When you sit and ride in even a modern Mustang, you'll find it less remarkable.I'm most anxious to see the interior. I'm honestly getting pretty excited. This car will most likely start around ~35kUSD and will reportedly have 450hp in base V8 trim, and it looks like that. It's like an Aston Martin V8 Vantage, except faster, for four times less money. Pretty remarkable really.
At launch, the Mustang will be available with the same engine options offered by the current Mustang: a naturally aspirated 3.7-liter V-6 and the ?Coyote? 5.0-liter V-8, each with the same power ratings as the Mustangs on showroom floors today (305 and 420 horsepower, respectively). Transmissions, too, will carry over at the outset, with shoppers given a choice of a six-speed manual or a six-speed automatic. That will change in the two to three years after launch, when the 10-speed auto being jointly developed with GM will replace the six-speed slushbox.
However, the Mustang?s 2015 model year will be a long one?as was 1965?and thus, Ford will offer powertrain upgrades in the months after its launch. Updates to the V-6 will be minimal, but we understand that the GT-badged ?five-oh? will jump to 500 horsepower.
TURBO-FOUR CAFE SPECIAL
Sometime after the new Mustang reaches dealer lots, we will begin to see interesting underhood options. With European and federal fuel-economy standards in mind, Ford will introduce the first turbo?charged four-cylinder Mustang since the 1986 SVO model. And the engine will be the same size, 2.3 liters, as that car?s four-banger. It?ll generate 310 horsepower with direct injection, and it will be marketed as an uplevel alternative to the base six. Its premium should be justified not only by its expected mileage gain but also by its high, flat torque curve.
Ford is also considering offering the 3.5-liter EcoBoost V-6 found in the Taurus SHO. Tuned to churn out 400 horsepower (up from the 365 it makes in the SHO), this engine could potentially replace the 3.7-liter V-6 and serve as a natural steppingstone between the turbo four and the Coyote. The EcoBoost V-6 is unlikely to appear in the Mustang?s engine bay before the 2017 model year.
A STABLE FULL OF WILD HORSES
Ford has many plans for ultra-high-performance Mustangs. The first will be a successor to the Shelby-branded GT500, and the company will continue to offer Ford?s ?Trinity? supercharged 5.8-liter V-8 making 662 horses. Past the new-gen Shelby GT500, Ford has additional powertrain options for two more hi-po nameplates.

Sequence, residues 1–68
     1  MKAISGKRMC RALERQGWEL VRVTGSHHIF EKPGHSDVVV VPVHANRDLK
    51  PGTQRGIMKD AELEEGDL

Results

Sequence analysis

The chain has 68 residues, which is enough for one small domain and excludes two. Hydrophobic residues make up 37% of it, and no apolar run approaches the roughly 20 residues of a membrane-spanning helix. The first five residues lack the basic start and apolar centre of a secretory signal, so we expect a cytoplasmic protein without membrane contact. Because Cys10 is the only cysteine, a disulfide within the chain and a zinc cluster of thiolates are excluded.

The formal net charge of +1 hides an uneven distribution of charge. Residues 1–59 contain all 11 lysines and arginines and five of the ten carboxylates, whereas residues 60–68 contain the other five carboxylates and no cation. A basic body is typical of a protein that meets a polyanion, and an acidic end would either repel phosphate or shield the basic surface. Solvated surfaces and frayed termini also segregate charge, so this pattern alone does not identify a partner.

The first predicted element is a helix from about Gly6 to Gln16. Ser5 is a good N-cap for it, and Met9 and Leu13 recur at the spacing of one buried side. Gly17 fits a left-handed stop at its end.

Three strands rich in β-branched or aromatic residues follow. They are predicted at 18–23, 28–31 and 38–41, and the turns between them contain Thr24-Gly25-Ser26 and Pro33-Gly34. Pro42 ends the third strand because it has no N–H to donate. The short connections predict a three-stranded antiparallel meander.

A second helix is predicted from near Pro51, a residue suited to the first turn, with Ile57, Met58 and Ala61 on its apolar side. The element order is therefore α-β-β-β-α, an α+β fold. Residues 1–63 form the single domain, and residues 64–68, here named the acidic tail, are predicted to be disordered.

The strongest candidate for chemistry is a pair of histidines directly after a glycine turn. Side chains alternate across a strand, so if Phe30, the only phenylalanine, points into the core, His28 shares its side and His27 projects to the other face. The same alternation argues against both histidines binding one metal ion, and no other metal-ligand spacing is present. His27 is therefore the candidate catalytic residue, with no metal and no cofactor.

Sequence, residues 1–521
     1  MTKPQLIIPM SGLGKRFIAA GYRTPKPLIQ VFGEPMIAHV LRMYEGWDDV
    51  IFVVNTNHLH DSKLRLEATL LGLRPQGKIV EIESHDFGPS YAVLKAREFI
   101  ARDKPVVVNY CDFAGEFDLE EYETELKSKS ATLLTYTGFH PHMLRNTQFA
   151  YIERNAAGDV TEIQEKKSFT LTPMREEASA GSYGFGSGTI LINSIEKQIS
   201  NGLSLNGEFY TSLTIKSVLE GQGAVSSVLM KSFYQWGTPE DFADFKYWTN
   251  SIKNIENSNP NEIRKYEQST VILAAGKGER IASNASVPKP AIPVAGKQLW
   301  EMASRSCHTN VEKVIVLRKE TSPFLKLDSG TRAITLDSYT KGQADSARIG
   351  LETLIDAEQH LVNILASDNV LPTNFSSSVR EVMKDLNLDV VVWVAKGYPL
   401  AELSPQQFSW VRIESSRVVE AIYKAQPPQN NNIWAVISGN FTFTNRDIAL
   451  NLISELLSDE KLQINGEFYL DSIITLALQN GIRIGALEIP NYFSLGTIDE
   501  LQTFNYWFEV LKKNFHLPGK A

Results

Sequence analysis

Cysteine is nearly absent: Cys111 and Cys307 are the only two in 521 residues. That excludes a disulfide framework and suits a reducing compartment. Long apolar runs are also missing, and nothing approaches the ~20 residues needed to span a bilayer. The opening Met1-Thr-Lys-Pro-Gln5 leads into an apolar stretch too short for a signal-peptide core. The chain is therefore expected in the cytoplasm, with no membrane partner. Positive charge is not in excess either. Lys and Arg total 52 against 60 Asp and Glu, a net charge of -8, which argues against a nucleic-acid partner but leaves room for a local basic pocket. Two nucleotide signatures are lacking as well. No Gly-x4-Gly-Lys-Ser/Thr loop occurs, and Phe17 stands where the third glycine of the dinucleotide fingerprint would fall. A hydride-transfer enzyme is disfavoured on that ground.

The first is a twin-turbocharged V-8, code-named ?Voodoo,? which displaces between 5.0 and 5.5 liters and, most intriguingly, has a ?flat-plane? or 180-degree crankshaft, as Ferrari has used in its V-8s since 1973. This configuration, also found in the late Lotus Esprit V-8, is akin to connecting two four-cylinder banks to a common crankshaft. Flat cranks theoretically improve power, throttle response, and the soundtrack at the expense of greater vibration. This EcoBoost V-8 will produce between 550 and 600 horses. It will power a Shelby GT350?branded model that eventually will take over from the GT500, as Ford is desperate to discontinue that car?s costly and thirsty Trinity.
The last high-performance Mustang will be a successor to the Boss 302. What will power it is still not finalized. If all goes according to plan, Ford would like to use a naturally aspirated version of the Voodoo engine. However, initial testing has not yielded the desired results in Dearborn, and it?s possible that a hotted-up version of the 5.0 Coyote could be used?as was the case in the previous Boss.
That's the "one Ford" program at work: The turbo I4 will be the base engine in Europe due to displacement-based taxation and it's lower emissions. It does not make much sense in the US, but if it's available, why not offer it?Why have a turbo 4 cylinder 'premium' option over the V6 if it only has 5 more hp?
... This shall make my plan of buying a 2012/2013 5.0 when I get married next year much easier (give my car to the lady as a wedding gift since she doesn't have one) as they will probably depreciate faster.
I think that's a bit of a fallacy. As long as the cars remain in demand (and they will), they won't depreciate faster than normal